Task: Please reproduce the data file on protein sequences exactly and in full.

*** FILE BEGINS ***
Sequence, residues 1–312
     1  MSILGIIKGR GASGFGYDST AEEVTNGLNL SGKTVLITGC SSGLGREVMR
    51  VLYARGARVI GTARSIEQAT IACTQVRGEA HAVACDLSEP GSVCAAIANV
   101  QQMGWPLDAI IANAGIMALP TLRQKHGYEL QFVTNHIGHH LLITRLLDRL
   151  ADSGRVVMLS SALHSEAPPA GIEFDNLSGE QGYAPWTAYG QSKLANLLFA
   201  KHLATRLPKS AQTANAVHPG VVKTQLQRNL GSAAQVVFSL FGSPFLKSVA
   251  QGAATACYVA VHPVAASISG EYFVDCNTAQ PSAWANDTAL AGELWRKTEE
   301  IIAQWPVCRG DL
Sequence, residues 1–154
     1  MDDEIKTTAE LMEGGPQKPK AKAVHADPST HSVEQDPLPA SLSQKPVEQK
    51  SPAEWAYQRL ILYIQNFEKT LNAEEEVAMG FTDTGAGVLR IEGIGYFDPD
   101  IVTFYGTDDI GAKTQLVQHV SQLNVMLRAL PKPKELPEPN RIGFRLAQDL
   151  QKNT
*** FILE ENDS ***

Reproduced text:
Sequence, residues 1–312
     1  MSILGIIKGR GASGFGYDST AEEVTNGLNL SGKTVLITGC SSGLGREVMR
    51  VLYARGARVI GTARSIEQAT IACTQVRGEA HAVACDLSEP GSVCAAIANV
   101  QQMGWPLDAI IANAGIMALP TLRQKHGYEL QFVTNHIGHH LLITRLLDRL
   151  ADSGRVVMLS SALHSEAPPA GIEFDNLSGE QGYAPWTAYG QSKLANLLFA
   201  KHLATRLPKS AQTANAVHPG VVKTQLQRNL GSAAQVVFSL FGSPFLKSVA
   251  QGAATACYVA VHPVAASISG EYFVDCNTAQ PSAWANDTAL AGELWRKTEE
   301  IIAQWPVCRG DL
Sequence, residues 1–154
     1  MDDEIKTTAE LMEGGPQKPK AKAVHADPST HSVEQDPLPA SLSQKPVEQK
    51  SPAEWAYQRL ILYIQNFEKT LNAEEEVAMG FTDTGAGVLR IEGIGYFDPD
   101  IVTFYGTDDI GAKTQLVQHV SQLNVMLRAL PKPKELPEPN RIGFRLAQDL
   151  QKNT